German employees took less sick leave in 2021 than the previous four years
Employees working in Germany took fewer days off due to illness in 2021, than in any of the previous three years, including the coronavirus pandemic. Experts believe that the main reason for this is that fewer people are taking time off for common colds.
Number of sick days in Germany falls in 2021
An evaluation Techniker Krankenkasse, a statutory health insurance company based in Hamburg, has revealed that, in 2021, employed Germans took fewer sick days on average than in the previous three years. In 2021, employees lost an average of 14,5 days, whereas employees lost an average of 15,1 days in 2020, 15,4 days in 2019 and 15,5 days in 2018.
However, the total number of employee sick days due to coronavirus did rise in 2021. Last year, 37.625 days were lost due to COVID - over 10.000 days more than in 2020 (when employees took a total of 26.833 days off due to COVID).
Techniker Krankenkasse analysed data from around 5,5 million employees for the evaluation. In Germany, an official sick note from a GP or doctor must be sent to an employee’s health insurance provider if they are off for more than three days.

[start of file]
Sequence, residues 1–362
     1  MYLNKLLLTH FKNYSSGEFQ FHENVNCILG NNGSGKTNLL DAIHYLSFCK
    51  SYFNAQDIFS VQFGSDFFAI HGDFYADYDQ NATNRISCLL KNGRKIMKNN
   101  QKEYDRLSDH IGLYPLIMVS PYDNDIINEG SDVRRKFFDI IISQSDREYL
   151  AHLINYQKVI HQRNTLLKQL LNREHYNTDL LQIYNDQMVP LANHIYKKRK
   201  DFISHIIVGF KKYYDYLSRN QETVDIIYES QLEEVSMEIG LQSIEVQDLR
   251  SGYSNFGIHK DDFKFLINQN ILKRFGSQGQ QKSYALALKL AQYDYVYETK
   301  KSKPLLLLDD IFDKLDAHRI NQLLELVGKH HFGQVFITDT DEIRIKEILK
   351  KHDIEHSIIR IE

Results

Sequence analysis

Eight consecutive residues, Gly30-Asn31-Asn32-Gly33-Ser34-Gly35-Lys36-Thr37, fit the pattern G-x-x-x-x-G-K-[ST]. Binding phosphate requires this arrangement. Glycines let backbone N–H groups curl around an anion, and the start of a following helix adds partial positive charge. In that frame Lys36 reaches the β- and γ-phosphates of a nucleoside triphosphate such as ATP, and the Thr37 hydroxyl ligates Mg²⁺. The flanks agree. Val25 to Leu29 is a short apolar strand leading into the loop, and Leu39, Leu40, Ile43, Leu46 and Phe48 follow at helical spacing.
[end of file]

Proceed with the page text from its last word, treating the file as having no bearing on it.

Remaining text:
Mental health the leading reason for sick days
The restrictions aimed at curbing the spread of coronavirus were also extremely effective at reducing the spread of other viruses like the common cold. In fact, the general decline in employee sick days is largely attributed to fewer people getting sick from colds. According to Techniker Krankenkasse, their clients only lost 1,64 days to colds in 2021. In 2020, TK clients lost 2,30 days and 2,37 days before the pandemic in 2019.
The evaluation also revealed the most common reasons for sick leave in 2021. For the fourth year in a row, mental health was the most common reason for sick leave (21,8 percent). This was followed by musculoskeletal problems (18,4 percent) and respiratory problems (11,3 percent).